Hurricane Tracker

Tropical Storm Ana on Track to Become Hurricane

October 14, 2014, 11:13 AM HST
* Updated October 14, 12:52 PM
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5-day track of Tropical Storm Ana, 10/14/14. Image courtesy NWS Central Pacific Hurricane Center.

5-day track of Tropical Storm Ana, 10/14/14. Image courtesy NWS Central Pacific Hurricane Center.

By Wendy Osher

Tropical Storm Ana is expected to become a hurricane by Wednesday, and maintain its strength as it approaches the state on Saturday, according to information released by the Central Pacific Hurricane Center.

The agency’s 5-day storm track places the system along the south edge of Hawaiʻi Island on Saturday, Oct. 18, and south of Maui County on Sunday morning, Oct. 19, 2014.

As of 11 a.m. HST today (Tuesday, Oct. 14, 2014), Tropical Storm Ana was located: 815 miles ESE of Hilo; 935 miles ESE of Kahului, Maui; 985 miles ESE of Kaunakakai, Molokaʻi; 960 miles ESE of Lānaʻi City; and 1030 miles ESE of Honolulu, according to the Central Pacific Hurricane Center.

Tropical Storm Ana, 10/14/14. Satellite imagery courtesy NOAA/NWS.

Tropical Storm Ana, 10/14/14. Satellite imagery courtesy NOAA/NWS.

Agency officials say the system is moving toward the west-northwest near 8 mph, has maximum sustained winds of 65 mph.

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According to the Central Pacific Hurricane Center, Tropical Storm Ana is projected to strengthen over the next 2 days as it tracks toward the state.

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When a hurricane poses a threat, the Central Pacific Hurricane Center advises the public to monitor radio or television stations for the latest National Weather Service advisories, as well as any special instructions from Civil Defense.

The agency notes that hurricanes can cause power failures and cut off, or contaminate water supplies.

The Federal Emergency Management Agency lists the following recommended items for a basic emergency supply kit:

  • Water, one gallon of water per person per day for at least three days, for drinking and sanitation
  • Food, at least a three-day supply of non-perishable food
  • Battery-powered or hand crank radio and a NOAA Weather Radio with tone alert and extra batteries for both
  • Flashlight and extra batteries
  • First aid kit
  • Whistle to signal for help
  • Dust mask to help filter contaminated air and plastic sheeting and duct tape to shelter-in-place
  • Moist towelettes, garbage bags and plastic ties for personal sanitation
  • Wrench or pliers to turn off utilities
  • Manual can opener for food
  • Local maps
  • Cell phone with chargers, inverter or solar charger
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Once you have gathered the supplies for a basic emergency kit, FEMA suggests you may want to consider adding the other following items:

  • Prescription medications and glasses
  • Infant formula and diapers
  • Pet food and extra water for your pet
  • Cash or traveler’s checks and change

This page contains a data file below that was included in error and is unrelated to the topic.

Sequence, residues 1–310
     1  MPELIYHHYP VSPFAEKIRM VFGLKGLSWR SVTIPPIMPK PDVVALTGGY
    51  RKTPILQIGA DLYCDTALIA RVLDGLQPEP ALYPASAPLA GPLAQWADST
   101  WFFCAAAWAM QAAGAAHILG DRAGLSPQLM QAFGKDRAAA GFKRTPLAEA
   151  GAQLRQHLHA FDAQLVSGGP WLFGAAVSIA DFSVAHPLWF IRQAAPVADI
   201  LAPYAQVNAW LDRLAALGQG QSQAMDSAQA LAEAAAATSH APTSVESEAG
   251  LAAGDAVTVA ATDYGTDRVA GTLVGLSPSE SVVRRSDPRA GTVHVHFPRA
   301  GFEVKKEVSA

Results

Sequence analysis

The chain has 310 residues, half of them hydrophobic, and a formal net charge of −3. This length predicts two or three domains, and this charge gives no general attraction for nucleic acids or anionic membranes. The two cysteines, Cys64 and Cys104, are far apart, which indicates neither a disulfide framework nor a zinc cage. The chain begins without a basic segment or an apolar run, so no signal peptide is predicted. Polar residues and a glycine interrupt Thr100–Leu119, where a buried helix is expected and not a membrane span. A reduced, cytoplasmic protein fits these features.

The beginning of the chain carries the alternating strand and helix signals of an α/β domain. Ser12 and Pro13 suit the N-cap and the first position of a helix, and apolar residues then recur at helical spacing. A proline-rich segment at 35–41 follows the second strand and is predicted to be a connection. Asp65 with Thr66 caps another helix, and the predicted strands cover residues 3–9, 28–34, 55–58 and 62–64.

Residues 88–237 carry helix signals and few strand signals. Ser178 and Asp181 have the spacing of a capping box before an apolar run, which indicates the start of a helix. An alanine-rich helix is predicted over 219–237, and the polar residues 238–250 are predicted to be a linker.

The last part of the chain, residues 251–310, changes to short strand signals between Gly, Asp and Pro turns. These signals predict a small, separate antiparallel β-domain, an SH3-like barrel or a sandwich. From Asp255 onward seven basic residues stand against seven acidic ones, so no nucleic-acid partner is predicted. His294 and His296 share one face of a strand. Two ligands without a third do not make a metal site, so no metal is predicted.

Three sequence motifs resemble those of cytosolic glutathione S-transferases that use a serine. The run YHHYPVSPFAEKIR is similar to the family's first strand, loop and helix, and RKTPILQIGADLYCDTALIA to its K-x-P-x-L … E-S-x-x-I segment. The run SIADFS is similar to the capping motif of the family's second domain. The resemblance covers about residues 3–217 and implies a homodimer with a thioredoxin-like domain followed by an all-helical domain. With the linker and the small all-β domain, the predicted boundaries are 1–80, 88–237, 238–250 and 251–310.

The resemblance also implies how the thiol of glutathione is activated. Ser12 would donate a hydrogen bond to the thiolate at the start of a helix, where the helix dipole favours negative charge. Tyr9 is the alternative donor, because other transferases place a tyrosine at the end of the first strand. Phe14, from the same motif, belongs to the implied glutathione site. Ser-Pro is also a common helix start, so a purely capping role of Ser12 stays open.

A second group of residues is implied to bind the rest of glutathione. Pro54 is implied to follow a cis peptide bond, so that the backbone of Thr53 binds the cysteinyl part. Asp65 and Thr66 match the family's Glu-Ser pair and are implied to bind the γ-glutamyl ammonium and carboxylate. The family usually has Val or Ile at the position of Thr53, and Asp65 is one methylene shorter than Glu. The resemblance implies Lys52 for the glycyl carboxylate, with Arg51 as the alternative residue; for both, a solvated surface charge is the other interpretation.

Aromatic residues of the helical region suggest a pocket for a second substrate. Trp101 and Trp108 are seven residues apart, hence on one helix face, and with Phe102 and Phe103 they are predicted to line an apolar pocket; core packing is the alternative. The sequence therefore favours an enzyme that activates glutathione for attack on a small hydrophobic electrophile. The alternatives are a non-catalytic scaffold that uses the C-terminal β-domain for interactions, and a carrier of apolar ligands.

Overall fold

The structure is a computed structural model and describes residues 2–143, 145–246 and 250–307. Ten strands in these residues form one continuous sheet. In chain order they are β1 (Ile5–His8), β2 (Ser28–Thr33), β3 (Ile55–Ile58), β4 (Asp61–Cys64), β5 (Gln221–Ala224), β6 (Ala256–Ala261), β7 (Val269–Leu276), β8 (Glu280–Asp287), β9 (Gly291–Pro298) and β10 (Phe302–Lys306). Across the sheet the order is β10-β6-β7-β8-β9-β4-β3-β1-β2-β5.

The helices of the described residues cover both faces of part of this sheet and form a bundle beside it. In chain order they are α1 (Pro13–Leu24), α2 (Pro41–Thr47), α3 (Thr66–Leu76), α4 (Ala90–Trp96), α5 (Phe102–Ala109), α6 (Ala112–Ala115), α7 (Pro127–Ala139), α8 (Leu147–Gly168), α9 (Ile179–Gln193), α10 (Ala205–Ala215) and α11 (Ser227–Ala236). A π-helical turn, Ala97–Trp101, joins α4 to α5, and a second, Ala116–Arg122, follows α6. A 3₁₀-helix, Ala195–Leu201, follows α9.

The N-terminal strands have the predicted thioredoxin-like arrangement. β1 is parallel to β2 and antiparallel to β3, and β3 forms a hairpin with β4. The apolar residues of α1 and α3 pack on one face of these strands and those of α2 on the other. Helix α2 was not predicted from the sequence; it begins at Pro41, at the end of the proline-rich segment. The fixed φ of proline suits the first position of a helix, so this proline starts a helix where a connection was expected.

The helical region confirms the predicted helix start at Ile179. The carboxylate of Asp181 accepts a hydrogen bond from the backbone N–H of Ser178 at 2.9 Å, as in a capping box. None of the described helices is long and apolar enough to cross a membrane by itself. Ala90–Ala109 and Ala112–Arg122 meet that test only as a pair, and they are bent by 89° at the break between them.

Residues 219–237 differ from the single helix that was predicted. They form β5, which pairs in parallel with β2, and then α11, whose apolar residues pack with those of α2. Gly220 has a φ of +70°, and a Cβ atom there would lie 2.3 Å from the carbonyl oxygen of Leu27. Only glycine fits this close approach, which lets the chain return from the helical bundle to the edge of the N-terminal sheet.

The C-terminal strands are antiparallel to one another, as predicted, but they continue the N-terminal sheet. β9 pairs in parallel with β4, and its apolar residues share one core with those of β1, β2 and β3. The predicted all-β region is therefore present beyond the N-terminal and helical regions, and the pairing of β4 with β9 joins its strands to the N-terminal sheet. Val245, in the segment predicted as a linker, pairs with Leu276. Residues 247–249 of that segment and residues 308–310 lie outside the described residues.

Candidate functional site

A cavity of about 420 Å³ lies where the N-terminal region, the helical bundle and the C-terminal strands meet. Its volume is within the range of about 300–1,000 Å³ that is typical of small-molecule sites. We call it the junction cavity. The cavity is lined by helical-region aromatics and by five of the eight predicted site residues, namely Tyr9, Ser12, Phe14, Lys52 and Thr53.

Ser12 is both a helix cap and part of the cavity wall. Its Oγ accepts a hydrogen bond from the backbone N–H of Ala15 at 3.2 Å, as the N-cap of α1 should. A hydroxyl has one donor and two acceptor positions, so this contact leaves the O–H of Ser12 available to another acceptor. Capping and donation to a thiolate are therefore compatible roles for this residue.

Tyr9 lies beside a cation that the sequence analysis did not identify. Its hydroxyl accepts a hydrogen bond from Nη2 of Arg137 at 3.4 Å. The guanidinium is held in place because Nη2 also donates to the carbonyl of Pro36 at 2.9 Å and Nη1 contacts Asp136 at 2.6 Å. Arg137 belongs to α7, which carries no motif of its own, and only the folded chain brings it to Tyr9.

• Important family documents such as copies of insurance policies, identification and bank account records in a waterproof, portable container. You can use the Emergency Financial First Aid Kit – EFFAK (PDF – 977Kb) developed by Operation Hope, FEMA and Citizen Corps to help you organize your information.
  • Emergency reference material such as a first aid book or free information from this web site. (See Publications)
  • Sleeping bag or warm blanket for each person. Consider additional bedding if you live in a cold-weather climate.
  • Complete change of clothing including a long sleeved shirt, long pants and sturdy shoes. Consider additional clothing if you live in a cold-weather climate.
  • Household chlorine bleach and medicine dropper – When diluted, nine parts water to one part bleach, bleach can be used as a disinfectant. Or in an emergency, you can use it to treat water by using 16 drops of regular household liquid bleach per gallon of water. Do not use scented, color safe or bleaches with added cleaners.
  • Fire extinguisher
  • Matches in a waterproof container
  • Feminine supplies and personal hygiene items
  • Mess kits, paper cups, plates, paper towels and plastic utensils
  • Paper and pencil
  • Books, games, puzzles or other activities for children

The American Red Cross lists the following tips to prepare for a hurricane:

  • Listen to a NOAA Weather Radio for critical information from the National Weather Service (NWS).
  • Check your disaster supplies. Replace or restock as needed.
  • Bring in anything that can be picked up by the wind (bicycles, lawn furniture).
  • Close your windows, doors and hurricane shutters. If you do not have hurricane shutters, close and board up all windows and doors with plywood.
  • Turn your refrigerator and freezer to the coldest setting. Keep them closed as much as possible so that food will last longer if the power goes out.
  • Turn off propane tank.
  • Unplug small appliances.
  • Fill your car’s gas tank.
  • Create a hurricane evacuation plan with members of your household. Planning and practicing your evacuation plan minimizes confusion and fear during the event.
  • Find out about your community’s hurricane response plan. Plan routes to local shelters, register family members with special medical needs and make plans for your pets to be cared for.
  • Obey evacuation orders. Avoid flooded roads and washed out bridges.
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